On Wednesday afternoon, President Andrés Manuel López Obrador published a letter addressed to “all public servants of the federal government” to condemn any person or, as he emphasized, against any public servant who contributed to the abduction, illicit traffic and trade in cultural and artistic heritage which, by law, is the property of the nation.
The president pointed out that “anyone who damages, neglects, steals or sells any national asset and allows, as has happened recently, for example, that private auction houses in Mexico and abroad auction off our heritage” and said that an action against of the State policy for the conservation of the Mexican heritage “is not only a crime but an act of dishonesty.”
Therefore, López Obrador announced that he will shortly publish a decree where he will reiterate the legal regulations that are violated when acting “dishonestly”, to the detriment of the country’s artistic, architectural and documentary assets.
Any federal employee who fails to comply with these norms will be punished based on the law and who will be publicly singled out for engaging in these illegal or immoral practices that have allowed private business with the assets of all Mexicans. “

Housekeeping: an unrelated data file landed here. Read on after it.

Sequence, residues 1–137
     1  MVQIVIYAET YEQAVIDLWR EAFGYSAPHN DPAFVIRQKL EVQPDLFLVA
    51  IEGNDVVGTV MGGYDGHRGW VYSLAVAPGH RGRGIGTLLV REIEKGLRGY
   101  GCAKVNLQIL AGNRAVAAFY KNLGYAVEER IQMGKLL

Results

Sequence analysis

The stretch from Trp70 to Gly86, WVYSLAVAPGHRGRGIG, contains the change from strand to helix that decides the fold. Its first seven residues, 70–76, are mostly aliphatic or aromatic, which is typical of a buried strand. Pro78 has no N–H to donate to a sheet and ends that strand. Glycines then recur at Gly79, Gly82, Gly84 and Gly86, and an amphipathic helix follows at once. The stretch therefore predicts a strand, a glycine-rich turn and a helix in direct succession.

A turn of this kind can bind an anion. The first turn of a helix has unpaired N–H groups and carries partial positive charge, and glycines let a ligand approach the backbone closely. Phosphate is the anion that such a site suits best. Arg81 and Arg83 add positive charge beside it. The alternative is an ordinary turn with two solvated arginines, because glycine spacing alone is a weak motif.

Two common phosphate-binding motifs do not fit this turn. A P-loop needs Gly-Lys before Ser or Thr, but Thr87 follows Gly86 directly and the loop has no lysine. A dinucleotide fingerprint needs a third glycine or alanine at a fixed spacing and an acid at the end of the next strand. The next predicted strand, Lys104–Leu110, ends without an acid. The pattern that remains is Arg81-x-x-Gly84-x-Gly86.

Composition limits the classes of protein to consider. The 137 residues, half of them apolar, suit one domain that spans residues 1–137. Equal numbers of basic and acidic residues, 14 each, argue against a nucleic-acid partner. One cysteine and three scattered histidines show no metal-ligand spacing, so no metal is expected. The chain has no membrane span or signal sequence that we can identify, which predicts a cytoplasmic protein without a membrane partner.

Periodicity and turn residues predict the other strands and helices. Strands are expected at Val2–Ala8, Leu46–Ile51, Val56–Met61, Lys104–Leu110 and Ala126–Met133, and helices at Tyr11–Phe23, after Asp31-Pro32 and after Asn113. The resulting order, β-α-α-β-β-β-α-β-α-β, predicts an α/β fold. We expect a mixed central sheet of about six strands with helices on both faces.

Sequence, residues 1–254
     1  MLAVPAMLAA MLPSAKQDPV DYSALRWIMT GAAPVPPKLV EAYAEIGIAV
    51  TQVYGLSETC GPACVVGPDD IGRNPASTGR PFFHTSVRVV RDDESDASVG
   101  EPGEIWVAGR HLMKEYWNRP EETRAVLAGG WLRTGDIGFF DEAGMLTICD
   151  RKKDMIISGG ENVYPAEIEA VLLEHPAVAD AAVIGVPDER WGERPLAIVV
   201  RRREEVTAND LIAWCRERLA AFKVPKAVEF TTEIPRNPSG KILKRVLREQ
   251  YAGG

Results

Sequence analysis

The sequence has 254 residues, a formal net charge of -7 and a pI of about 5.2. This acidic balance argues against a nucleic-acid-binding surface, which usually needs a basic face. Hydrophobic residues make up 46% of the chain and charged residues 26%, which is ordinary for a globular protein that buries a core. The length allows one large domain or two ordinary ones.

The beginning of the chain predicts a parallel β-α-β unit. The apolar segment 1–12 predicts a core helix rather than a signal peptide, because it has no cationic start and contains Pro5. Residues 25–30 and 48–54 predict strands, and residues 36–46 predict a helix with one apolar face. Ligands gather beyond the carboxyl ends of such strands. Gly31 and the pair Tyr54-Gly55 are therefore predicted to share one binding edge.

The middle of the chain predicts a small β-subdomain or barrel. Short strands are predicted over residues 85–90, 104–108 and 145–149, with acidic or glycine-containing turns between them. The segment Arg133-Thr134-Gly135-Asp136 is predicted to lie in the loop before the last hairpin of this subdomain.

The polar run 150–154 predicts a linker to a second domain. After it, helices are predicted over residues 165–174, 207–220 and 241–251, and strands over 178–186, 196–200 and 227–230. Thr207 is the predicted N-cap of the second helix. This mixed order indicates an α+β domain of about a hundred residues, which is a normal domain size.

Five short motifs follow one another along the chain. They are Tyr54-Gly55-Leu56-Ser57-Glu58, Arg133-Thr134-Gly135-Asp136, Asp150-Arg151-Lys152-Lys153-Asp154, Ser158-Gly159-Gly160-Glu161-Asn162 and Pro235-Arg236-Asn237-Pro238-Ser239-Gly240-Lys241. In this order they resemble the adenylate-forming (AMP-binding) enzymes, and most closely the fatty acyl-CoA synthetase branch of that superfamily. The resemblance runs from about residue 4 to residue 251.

He assured that “most of the objects or documents that are trafficked out of the country were stolen by national and foreign individuals, as well as by public servants, forgetting that these are not theirs but those of the entire nation.”
The presidential letter to the body of officials was shared through the official accounts on social networks of the secretariat of culture Federal, Alejandra Frausto Guerrero, who has brandished as one of the flags of her administration the defense and recovery of archaeological pieces that have historically been trafficked and put on sale abroad.
Last week, the Senate of the Republic approved the adhesion of our country to the Unidroit Agreement, an agreement to which several countries in the world subscribe for the recovery of illicit trafficked assets, a tool that, it is hoped, will be useful to facilitate the recovery of pieces of the that, with constancy, there is speculation in bids organized by houses such as Christie’s, Sotheby’s, Sadde, Cornette de Saint Cyr and Millon, among others, which hide behind local laws to specify the sale of lots belonging to different cultures that occupied the now Mexican territory.